"Consequently, the United States continues to face the prospect of banks too big to fail and too weak to play their role adequately in keeping credit flowing throughout the economy. The foreclosure crisis continues to grow," the panel said in its report.
   The report concluded that the stability that markets have enjoyed this year was not solely due to TARP, but to an extraordinary mix of government support, including Federal Deposit Insurance Corp and Federal Reserve asset guarantees.
   "The removal of this support too quickly could undermine the economy's nascent stability," it said, without concluding whether Geithner should continue the program through Oct. 2, 2010.
   The Obama administration has signaled an extension by considering the use of TARP funds to spur small business lending and possible other programs to boost job creation, a move opposed by many Republicans.
   The oversight panel's lone sitting member of Congress, Rep. Jeb Hensarling, a Texas Republican, voted against approval of the panel's report but agreed with certain criticisms. He called for TARP to be shut down at year-end.
   "One can not help but conclude that TARP is failing its mandate," Hensarling said in a statement. He added that the Treasury's bailout of General Motors, Chrysler and GMAC were "abuses", while TARP's foreclosure mitigation efforts were "misguided."
  
    MOUNTING FORECLOSURES
   Indeed, the report from the oversight panel, headed by Harvard Law School professor Elizabeth Warren, also criticized TARP programs aimed at stemming foreclosures, saying they "have not yet achieved the scope, scale and permanence to address the crisis."
   It said that foreclosure starts over the next five years were projected to range from 8 million to 13 million, excluding many more homeowners that have lost homes to short sales or simply walked away from their mortgages.
   That number is far larger than the 3 million to 4 million homeowners that the TARP foreclosure mitigation program aims to aid.
   "Even if every best-case scenario that Treasury has made came true, we're dealing with only about a third of the foreclosures," Warren told reporters in a conference call.
   She added that the Treasury was far from reaching its goals, with less than 5 percent of mortgage modifications having achieved permanently lower payments. The risk of these loans redefaulting remained high as long as the homes remain worth less than their mortgages, she said.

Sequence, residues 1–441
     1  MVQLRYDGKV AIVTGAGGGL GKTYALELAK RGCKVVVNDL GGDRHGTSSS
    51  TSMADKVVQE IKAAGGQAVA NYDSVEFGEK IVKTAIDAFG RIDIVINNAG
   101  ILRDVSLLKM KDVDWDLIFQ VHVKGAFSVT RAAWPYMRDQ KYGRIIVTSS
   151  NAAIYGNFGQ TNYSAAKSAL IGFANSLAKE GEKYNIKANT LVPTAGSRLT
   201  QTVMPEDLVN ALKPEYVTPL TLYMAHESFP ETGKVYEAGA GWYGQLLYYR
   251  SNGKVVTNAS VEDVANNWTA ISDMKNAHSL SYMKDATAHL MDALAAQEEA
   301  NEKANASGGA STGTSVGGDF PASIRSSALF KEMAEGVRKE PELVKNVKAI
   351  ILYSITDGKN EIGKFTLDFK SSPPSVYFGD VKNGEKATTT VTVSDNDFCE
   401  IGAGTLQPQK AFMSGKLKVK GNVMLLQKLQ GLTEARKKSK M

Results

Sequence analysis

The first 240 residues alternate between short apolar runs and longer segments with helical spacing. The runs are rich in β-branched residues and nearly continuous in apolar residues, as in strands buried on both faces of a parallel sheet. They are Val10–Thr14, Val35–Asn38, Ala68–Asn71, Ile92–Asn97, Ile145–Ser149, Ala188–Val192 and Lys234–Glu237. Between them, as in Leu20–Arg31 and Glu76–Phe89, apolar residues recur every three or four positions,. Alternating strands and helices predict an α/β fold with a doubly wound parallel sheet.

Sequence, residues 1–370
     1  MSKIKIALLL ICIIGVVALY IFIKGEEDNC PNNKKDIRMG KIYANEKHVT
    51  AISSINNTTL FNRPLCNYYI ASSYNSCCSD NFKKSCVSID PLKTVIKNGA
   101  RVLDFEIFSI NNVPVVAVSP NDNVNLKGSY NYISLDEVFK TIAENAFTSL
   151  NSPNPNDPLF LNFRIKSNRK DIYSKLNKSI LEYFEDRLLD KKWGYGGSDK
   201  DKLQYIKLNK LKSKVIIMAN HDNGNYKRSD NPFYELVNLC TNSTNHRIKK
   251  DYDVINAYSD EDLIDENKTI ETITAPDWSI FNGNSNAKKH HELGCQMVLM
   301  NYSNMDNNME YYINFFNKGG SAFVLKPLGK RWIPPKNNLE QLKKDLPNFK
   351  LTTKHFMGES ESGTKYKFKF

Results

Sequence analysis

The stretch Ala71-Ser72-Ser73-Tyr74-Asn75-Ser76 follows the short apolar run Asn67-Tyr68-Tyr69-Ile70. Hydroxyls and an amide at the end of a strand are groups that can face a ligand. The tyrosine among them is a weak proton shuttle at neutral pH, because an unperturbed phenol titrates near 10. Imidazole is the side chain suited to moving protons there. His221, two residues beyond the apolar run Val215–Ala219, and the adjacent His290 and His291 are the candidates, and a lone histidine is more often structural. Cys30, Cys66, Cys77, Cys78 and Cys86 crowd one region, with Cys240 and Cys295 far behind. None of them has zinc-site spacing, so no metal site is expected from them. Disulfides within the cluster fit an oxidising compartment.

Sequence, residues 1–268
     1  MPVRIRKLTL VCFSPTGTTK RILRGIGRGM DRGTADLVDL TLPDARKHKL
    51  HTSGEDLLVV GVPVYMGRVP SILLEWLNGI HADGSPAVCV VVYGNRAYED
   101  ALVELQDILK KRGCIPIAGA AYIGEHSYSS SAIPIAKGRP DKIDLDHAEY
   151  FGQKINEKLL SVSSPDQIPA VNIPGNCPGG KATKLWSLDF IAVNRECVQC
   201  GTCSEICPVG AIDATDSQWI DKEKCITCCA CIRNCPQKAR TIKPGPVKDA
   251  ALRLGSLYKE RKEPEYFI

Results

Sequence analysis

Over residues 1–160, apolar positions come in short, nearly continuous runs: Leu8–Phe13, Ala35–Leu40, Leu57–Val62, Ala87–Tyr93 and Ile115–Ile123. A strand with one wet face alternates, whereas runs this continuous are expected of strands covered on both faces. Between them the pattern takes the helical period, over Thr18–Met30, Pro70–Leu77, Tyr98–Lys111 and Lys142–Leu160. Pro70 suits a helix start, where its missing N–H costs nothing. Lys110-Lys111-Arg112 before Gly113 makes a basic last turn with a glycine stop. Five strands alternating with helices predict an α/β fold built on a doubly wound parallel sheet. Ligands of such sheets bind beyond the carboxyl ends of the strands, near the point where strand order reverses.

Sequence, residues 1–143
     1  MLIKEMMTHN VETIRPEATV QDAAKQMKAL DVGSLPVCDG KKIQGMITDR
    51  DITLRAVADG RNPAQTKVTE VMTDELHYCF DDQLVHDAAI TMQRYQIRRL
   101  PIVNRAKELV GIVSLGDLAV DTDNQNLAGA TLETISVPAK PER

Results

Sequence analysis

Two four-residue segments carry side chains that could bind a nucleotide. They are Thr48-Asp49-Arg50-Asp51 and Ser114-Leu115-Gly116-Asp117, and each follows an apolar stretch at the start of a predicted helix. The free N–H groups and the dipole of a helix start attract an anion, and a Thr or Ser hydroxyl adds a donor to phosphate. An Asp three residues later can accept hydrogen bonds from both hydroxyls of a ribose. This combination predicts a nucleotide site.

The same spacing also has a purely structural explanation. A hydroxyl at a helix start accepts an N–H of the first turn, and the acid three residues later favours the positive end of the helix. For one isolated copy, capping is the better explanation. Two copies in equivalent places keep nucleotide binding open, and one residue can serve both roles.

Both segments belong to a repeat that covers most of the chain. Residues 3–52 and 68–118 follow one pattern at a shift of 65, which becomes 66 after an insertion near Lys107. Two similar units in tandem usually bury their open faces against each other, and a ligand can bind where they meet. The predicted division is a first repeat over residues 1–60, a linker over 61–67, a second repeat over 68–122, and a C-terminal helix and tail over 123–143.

"Reducing loan principal is the only way to eliminate negative equity, so Treasury should consider how its existing programs might be adapted in ways that result in principal reductions," the panel said in the report.
   Another panel member, New York state banking superintendent Richard Neiman, said in a separate opinion that the Treasury should expand its foreclosure prevention program and TARP funds should support state emergency mortgage assistance programs to help unemployed borrowers make their payments.
   "Looking ahead, TARP needs to close the book on large institution support and focus all of its energies on addressing the problems of foreclosures, small business credit, and commercial real estate," wrote Neiman, who voted to approve the report. (Reporting by David Lawder; editing by Carol Bishopric) ((david.lawder@thomsonreuters.com; +1 202 898 8395; Reuters Messaging: david.lawder.reuters.com@reuters.net)) Keywords: USA BAILOUT/
  
Wednesday, 09 December 2009 06:00:12RTRS [nN08214292] {C}ENDS

from Financial Regulatory Forum:

Banks, policymakers spar over new rules

November 17, 2009

   By Huw Jones and Eva Kuehnen
   LONDON/FRANKFURT, Nov 17 (Reuters) - Big banks stepped up warnings on Tuesday that tightening capital rules too soon could stall economic recovery, but policymakers said the bailed out sector cannot rely on taxpayers again in future.
   Regulators are drafting tough rules that will force banks to hold far more capital and lessen the need for the kind of  public rescues seen during the credit crunch.
   Bankers said the new rules spearheaded by the G20 group of leading countries also need better coordination and timing to avoid a patchwork of implementation emerging.
   "There is once again a real danger that the cumulative impact of doctrinaire policy could have some perverse and unintended effects on the economy and for wider society," said Stephen Green, chairman of HSBC <HSBA.L>, Europe's biggest bank.
   "Cumulative enhancement of capital ratios at the wrong stage of the economic cycle could easily withdraw credit from the economy and cause a new credit crunch. This in turn would interrupt and delay a fragile economic recovery," Green said.
   Banks, despite public outrage at bonuses and huge bailouts that have wrecked government finances, appear more willing to question new rules that are expected to dampen profitablity.
   This is in spite of the G20 reassuring them that the bulk of new requirements will not take effect until the end of 2012 so that economic recovery has enough time to find its feet.
   The Basel Committee on Banking Supervision, a global body that is mapping out new bank capital rules, will also test their combined impact next year before fixing tougher levels.
   Major banks like HSBC face a plethora of changes, ranging from higher and better quality basic capital to new caps on leverage and possible liquidity and capital surcharges because of their sheer size and cross-border reach.
   Britain's government is due on Wednesday to unveil plans for a sweeping new law to crack down on bank bonuses, beef up enforcement of financial rules and make it easier for investors to group together to seek compensation.